Syrian Charged in Plot Against Troops is Now in United States

PHOENIX — A Syrian man has been extradited to Arizona to face charges of conspiring to use improvised explosive devices against U.S. forces in Iraq, the FBI said Thursday.

Ahmad Ibrahim al-Ahmad appeared in federal court in Phoenix on Thursday after being extradited from Turkey a day earlier, the FBI said.

Al-Ahmad was originally arrested in Turkey in 2011 after being secretly indicted in Arizona in 2011, the FBI said. The charges accuse al-Ahmad him of conspiring between 2005 and 2010 to supply bomb components to an Iraqi insurgency group, the 1920 Revolution Brigades, for use in IEDs that were used against U.S. military personnel.

Al-Ahmad also is charged with possession of a destructive device during a crime of violence, the FBI said.

The 1920 Revolution Brigades was a small jihadist group that was active against U.S. forces in Sunni-dominated parts of Iraq until it switched sides in 2007 to join the fight against al-Qaida.

Court records in the case remained sealed Thursday, and FBI spokesman Daniel Musser said he couldn’t immediately provide specifics on why the case is being prosecuted in Arizona.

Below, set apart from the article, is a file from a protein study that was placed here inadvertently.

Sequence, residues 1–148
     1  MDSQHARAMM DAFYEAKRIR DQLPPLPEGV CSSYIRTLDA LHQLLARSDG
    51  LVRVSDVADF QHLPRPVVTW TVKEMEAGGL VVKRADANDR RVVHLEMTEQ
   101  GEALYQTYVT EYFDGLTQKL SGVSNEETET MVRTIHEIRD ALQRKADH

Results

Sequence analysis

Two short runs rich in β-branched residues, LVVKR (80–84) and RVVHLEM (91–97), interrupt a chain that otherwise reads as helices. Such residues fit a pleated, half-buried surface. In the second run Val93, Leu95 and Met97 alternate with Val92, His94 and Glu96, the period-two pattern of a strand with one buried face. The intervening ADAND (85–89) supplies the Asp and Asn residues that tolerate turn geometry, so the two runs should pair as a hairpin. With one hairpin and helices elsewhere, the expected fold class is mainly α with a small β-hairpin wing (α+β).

“There was a connection” to Arizona, he said.

Musser declined to discuss whether the attacks resulted in American casualties and said he didn’t know whether the IEDs were roadside bombs, car bombs or some other type of device.

The spokesman also said he didn’t know where al-Ahmad was arrested in Turkey, or whether he has an attorney who could be reached for comment.

According to the FBI, if al-Ahmad is convicted of the offenses alleged in the indictment, he could face a maximum sentence of life in prison.


Associated Press writer Jacques Billeaud contributed to this report.
PAUL DAVENPORT, Associated Press